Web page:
Do field agents own their own book of business? If they’re working solo, yes. Renewals and the ability to build long-term relationships are key features of being an independent field agent. If they’re working with an agency, then perhaps. It all depends on the how the agency structures the contract.
Generally, if an agent must pay for their own marketing and generate their own leads, they likely own their own book of business. If they don’t have to, then the call center or agency might own the book.
Overarching Roles & Flexibility
The roles of call center and field agents differ. The role of the call center agent is to make the sale; the sale is the beginning and the end of the relationship between the agent and client. However with a field agent, the sale is potentially the beginning of a long-term relationship, where the agent can offer more than one sale — service, education, other products, and more.
Field agents also have much more flexibility than call center agents — flexibility in how, where, and when they meet with clients, in earning potential, and in work schedule. On the flip side, call center agents may have a more predictable income, schedule, and benefits — something that might be more attractive over flexibility.
The Benefits of Being a Field Agent
As you can see, there are a lot of differences between call center and field agents, and we think being a field agent has more to offer, not only you, but also your clients.
Reasons becoming a field agent is the more viable option if you want to make insurance your career include:
- Fewer restrictions when selling over the phone or remotely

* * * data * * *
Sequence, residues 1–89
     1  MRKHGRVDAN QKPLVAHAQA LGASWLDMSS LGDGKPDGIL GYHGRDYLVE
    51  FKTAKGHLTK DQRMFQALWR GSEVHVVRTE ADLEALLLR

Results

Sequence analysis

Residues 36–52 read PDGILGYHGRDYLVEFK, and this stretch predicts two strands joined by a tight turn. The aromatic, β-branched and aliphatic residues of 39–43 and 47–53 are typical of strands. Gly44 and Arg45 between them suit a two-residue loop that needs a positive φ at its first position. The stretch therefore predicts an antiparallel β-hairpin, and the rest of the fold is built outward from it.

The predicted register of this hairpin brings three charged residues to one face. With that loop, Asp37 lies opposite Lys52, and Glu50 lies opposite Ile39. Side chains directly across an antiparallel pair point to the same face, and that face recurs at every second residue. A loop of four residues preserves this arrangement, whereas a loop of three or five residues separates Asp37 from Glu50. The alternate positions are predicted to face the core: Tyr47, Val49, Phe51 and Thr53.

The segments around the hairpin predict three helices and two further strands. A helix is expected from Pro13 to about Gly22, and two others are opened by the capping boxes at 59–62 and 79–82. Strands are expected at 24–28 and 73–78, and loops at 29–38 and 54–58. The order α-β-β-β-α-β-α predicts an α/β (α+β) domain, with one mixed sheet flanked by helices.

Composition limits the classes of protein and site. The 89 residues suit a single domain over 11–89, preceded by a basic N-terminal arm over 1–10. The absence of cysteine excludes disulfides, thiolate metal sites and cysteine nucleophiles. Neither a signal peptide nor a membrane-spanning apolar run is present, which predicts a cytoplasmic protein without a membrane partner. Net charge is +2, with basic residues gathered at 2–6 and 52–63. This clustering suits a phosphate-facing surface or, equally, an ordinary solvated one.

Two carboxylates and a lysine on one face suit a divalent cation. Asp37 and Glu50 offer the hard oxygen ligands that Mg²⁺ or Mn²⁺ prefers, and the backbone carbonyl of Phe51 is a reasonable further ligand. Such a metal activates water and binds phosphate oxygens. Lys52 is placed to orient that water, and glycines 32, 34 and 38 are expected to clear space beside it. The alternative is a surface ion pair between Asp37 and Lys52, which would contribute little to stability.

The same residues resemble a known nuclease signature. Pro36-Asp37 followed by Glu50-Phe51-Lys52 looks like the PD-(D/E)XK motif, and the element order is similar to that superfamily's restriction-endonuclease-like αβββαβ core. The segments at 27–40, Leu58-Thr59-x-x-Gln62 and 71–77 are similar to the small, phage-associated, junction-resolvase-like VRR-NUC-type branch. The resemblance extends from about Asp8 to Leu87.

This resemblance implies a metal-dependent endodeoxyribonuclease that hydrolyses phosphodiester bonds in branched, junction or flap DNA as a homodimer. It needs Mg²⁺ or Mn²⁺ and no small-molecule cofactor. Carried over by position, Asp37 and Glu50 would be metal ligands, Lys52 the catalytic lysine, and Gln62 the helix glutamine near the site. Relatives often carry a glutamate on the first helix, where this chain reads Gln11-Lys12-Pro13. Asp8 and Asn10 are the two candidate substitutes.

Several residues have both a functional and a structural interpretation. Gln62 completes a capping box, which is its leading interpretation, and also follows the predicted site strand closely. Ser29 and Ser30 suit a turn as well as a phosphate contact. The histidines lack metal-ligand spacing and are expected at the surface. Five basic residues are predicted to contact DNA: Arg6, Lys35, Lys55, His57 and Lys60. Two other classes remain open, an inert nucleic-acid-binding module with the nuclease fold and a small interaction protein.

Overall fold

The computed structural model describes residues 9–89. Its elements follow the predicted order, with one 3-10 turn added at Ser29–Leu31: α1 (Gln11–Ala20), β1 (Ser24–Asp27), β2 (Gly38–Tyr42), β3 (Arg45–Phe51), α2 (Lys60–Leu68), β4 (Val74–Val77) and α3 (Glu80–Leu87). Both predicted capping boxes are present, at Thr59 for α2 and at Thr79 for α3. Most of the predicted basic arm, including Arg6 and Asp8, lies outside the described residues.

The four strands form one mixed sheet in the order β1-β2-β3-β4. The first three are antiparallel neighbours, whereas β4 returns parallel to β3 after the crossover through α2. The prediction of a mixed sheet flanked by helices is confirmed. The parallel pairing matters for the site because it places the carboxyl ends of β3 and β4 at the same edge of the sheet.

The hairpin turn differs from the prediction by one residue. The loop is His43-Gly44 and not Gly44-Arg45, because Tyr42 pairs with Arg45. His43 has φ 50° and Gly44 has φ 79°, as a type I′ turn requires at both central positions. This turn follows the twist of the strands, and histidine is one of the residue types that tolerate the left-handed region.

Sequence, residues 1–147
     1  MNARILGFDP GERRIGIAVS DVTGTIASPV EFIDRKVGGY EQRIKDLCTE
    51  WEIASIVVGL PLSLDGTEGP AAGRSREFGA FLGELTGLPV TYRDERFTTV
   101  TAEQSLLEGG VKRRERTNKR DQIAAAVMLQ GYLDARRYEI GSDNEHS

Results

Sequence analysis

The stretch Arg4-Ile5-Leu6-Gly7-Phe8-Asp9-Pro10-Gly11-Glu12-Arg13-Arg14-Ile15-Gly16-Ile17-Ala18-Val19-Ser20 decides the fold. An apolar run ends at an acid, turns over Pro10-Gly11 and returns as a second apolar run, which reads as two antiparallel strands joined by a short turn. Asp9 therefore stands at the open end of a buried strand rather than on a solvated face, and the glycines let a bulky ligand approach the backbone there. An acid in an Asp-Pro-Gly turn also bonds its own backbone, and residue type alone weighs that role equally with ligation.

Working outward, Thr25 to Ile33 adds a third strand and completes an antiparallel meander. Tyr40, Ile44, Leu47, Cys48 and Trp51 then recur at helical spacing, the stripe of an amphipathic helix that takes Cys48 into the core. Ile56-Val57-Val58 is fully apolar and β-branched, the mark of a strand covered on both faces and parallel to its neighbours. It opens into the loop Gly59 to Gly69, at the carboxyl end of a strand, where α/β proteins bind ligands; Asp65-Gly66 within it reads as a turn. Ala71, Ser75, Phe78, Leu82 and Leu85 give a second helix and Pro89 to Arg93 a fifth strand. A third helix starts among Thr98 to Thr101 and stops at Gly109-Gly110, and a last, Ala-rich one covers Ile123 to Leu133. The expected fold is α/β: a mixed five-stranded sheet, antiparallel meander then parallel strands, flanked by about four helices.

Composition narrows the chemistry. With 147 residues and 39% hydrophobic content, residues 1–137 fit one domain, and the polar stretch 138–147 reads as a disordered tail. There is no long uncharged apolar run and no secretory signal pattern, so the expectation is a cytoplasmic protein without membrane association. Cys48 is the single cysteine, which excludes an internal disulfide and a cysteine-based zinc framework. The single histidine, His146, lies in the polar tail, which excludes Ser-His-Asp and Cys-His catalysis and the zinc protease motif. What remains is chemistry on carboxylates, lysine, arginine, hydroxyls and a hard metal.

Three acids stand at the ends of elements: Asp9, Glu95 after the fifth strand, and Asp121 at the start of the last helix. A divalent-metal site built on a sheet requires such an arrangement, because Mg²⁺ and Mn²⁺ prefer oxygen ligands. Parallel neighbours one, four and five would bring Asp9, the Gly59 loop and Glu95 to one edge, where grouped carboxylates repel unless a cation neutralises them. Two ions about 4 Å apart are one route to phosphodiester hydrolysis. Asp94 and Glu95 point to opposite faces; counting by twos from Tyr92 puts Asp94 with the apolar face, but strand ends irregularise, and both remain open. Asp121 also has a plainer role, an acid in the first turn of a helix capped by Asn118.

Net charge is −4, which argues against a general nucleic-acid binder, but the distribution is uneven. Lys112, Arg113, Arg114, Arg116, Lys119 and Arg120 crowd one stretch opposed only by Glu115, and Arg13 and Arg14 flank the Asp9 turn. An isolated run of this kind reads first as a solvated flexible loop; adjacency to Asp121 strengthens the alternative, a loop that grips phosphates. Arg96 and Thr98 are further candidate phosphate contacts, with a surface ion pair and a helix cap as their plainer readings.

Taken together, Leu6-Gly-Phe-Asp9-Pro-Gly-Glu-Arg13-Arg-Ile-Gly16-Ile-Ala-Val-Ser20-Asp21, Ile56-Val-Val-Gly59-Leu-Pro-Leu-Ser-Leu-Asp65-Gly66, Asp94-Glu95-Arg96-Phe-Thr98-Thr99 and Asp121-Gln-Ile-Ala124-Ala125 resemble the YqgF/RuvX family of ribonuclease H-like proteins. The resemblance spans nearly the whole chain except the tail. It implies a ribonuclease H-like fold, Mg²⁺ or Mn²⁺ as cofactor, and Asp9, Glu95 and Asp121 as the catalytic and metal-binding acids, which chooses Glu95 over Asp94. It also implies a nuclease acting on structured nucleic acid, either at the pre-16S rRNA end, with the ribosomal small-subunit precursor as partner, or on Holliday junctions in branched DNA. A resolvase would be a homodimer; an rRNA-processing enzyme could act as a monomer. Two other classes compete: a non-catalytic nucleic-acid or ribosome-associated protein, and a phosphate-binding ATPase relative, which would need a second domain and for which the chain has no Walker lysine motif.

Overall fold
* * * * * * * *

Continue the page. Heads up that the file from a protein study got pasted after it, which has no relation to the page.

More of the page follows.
- Increased likelihood of owning your own block of business
- More earning potential
- Set your own schedule and appointments
- Meet with your clients in-person, virtually, or over the phone
- The ability to form meaningful, long-term relationships with clients
Forming long-term relationships with clients is good for business. You’ll also feel like you’re making a positive impact in your clients’ lives. In addition, forming strong relationships will open doors to cross-selling ancillary products and earning more referrals. As a call center agent, you don’t have the same opportunity to form such sustained relationships with clients.
How Ritter Helps Field Agents
Here at Ritter Insurance Marketing, we’re committed to helping field agents excel. Joining Ritter is quick and free, and once you have an account, you’ll be able to access and use all our resources, tools, and agent support.
Some of Ritter’s tools and resources you can expect to enjoy:
- The Ritter Platform for client management and commission tracking
- Medicare Quote Engine for easy, online quoting of Medicare Supplement, Medicare Advantage, prescription drug, and final expense plans
- Medicareful for streamlined online enrollments with prefilled applications and simple eScope and digital signature collection
- CallVault for compliant call recording
- Online contracting
- Compliance education and help
- Agency building training and assistance
- Education and training, resources, marketing materials, and so much more!
Utilizing all these tools and resources will make you a better equipped and more successful agent.
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With a better understanding of call center and field agents, we hope you feel more confident in taking the next step of your insurance journey, whether it’s to venture forth as a field or call center agent.
If you venture forth as a field agent, we’d love to accompany you “out into the field” and hope to see you soon!